“The government will stop investment fund managers from disguising guaranteed fee income as capital gains,” warned George Osborne, the UK’s Chancellor of the Exchequer, in his Autumn Statement on Wednesday.
Tax experts tell pfm there is very little detail in the speeches accompanying documents to add flesh to the bones of the Chancellor’s statement, but it appears to have in mind partnership structures where annual management fees are linked to the underlying performance of the fund and charged to capital gains rather than income tax – often known as a “management fee waiver”.
A management fee waiver involves effectively giving up fees in exchange for a priority allocation of future profits with the benefit of paying lower taxes on those profits.
“It is anticipated that this could cause issues for some, but not all, UK private equity houses with UK resident GP LP / LLP structures in place, although more detail of the changes will be required to assess the impact,” said Norma Chisholm, tax associate at audit firm Moore Stephens.
Yet, despite the lack of clarity, the UK government announced that it will introduce legislation with effect from 6 April 2015, although draft legislation has been scheduled for publication on December 10.
Responding to the Autumn Statement and its accompanying documentation regarding “disguised fee income”, Tim Hames, director general of the British Private Equity & Venture Capital Association (BVCA), said: “The structure of the fee arrangements differ across our industry and consequently the tax treatment of the fees can vary. However any management fee income used to pay salaries is subject to income tax. The BVCA will work with the Treasury and HMRC to deal with any concerns they might have about current arrangements.”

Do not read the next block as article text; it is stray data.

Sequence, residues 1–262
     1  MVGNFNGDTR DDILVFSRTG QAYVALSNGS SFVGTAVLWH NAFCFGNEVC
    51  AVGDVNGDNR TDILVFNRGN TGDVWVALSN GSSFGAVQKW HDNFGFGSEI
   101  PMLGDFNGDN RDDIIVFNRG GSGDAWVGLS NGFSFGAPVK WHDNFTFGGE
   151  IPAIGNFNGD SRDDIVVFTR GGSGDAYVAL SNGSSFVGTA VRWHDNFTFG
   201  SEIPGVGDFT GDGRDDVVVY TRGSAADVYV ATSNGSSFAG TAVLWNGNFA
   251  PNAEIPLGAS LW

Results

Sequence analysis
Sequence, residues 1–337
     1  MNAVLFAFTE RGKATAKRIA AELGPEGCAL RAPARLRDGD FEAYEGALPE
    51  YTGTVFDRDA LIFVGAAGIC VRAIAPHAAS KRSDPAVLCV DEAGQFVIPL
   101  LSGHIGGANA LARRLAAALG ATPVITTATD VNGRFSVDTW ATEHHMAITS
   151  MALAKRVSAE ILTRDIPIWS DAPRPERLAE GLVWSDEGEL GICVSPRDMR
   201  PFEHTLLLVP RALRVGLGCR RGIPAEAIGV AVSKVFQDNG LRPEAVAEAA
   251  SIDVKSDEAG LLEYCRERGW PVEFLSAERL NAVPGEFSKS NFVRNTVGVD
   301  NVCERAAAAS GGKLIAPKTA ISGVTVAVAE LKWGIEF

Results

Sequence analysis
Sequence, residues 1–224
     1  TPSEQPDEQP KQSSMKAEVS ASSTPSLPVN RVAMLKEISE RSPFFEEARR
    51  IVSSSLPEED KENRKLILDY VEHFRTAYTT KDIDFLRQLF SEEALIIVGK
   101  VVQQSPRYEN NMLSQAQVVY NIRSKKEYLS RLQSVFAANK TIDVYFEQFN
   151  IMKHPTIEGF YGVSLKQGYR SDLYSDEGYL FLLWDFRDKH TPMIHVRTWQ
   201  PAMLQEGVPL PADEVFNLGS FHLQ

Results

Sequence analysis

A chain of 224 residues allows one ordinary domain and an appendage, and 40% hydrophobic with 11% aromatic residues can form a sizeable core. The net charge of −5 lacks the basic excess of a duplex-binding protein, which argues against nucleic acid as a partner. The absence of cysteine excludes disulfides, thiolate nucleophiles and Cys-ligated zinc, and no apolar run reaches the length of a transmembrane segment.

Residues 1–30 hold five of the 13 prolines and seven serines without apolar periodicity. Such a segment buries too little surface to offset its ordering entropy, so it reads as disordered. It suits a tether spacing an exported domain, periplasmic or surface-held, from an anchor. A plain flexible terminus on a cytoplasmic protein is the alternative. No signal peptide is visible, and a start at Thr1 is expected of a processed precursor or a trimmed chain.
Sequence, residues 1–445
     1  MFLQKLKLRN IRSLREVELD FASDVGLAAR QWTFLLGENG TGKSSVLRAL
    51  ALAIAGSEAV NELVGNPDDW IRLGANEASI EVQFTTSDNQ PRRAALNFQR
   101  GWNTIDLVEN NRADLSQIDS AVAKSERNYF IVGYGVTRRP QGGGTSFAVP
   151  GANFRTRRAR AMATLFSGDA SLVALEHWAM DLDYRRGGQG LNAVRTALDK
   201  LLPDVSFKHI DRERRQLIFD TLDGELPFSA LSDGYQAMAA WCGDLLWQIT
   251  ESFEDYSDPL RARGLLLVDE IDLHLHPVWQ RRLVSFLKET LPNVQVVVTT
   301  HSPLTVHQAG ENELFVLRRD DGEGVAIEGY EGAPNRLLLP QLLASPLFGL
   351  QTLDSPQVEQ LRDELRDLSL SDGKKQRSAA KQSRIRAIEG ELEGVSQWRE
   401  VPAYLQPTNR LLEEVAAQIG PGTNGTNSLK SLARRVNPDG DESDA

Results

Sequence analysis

The tax practice hit the headlines in the US recently when it was described as “unlawful”, by University of North Carolina law professor Gregg Polsky.
Polsky has urged the US’ tax authority the Internal Revenue Service (IRS) to issue guidance making management fee waivers available only when carry is paid in line of with the net profits of the fund.
“It would require fund managers who wish to turn water into wine to subject their non-risky pay to meaningful entrepreneurial risk. Fund managers will typically be loath to do this and therefore the approach should go a long way towards killing off management fee waivers.”